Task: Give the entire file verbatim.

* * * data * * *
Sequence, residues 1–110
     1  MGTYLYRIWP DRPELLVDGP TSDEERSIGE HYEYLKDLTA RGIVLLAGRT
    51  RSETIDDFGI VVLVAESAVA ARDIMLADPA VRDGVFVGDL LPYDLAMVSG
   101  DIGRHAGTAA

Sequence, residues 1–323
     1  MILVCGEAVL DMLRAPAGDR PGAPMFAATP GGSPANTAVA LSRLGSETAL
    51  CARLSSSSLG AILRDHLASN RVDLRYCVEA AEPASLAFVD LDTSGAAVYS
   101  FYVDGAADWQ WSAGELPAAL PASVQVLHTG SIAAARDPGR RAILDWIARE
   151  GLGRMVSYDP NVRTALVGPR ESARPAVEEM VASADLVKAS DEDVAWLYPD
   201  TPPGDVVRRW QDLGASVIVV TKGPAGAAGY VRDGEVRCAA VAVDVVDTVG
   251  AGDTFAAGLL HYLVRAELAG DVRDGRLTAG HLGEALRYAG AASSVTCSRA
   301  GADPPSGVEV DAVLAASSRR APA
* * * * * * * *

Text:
Sequence, residues 1–110
     1  MGTYLYRIWP DRPELLVDGP TSDEERSIGE HYEYLKDLTA RGIVLLAGRT
    51  RSETIDDFGI VVLVAESAVA ARDIMLADPA VRDGVFVGDL LPYDLAMVSG
   101  DIGRHAGTAA

Sequence, residues 1–323
     1  MILVCGEAVL DMLRAPAGDR PGAPMFAATP GGSPANTAVA LSRLGSETAL
    51  CARLSSSSLG AILRDHLASN RVDLRYCVEA AEPASLAFVD LDTSGAAVYS
   101  FYVDGAADWQ WSAGELPAAL PASVQVLHTG SIAAARDPGR RAILDWIARE
   151  GLGRMVSYDP NVRTALVGPR ESARPAVEEM VASADLVKAS DEDVAWLYPD
   201  TPPGDVVRRW QDLGASVIVV TKGPAGAAGY VRDGEVRCAA VAVDVVDTVG
   251  AGDTFAAGLL HYLVRAELAG DVRDGRLTAG HLGEALRYAG AASSVTCSRA
   301  GADPPSGVEV DAVLAASSRR APA